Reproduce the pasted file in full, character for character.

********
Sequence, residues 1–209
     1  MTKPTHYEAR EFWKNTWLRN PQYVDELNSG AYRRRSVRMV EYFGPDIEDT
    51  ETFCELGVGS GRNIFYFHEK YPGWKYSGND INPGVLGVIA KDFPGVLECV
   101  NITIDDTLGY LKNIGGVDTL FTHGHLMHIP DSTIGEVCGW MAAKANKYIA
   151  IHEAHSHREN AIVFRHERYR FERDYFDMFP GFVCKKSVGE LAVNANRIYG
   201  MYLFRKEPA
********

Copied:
Sequence, residues 1–209
     1  MTKPTHYEAR EFWKNTWLRN PQYVDELNSG AYRRRSVRMV EYFGPDIEDT
    51  ETFCELGVGS GRNIFYFHEK YPGWKYSGND INPGVLGVIA KDFPGVLECV
   101  NITIDDTLGY LKNIGGVDTL FTHGHLMHIP DSTIGEVCGW MAAKANKYIA
   151  IHEAHSHREN AIVFRHERYR FERDYFDMFP GFVCKKSVGE LAVNANRIYG
   201  MYLFRKEPA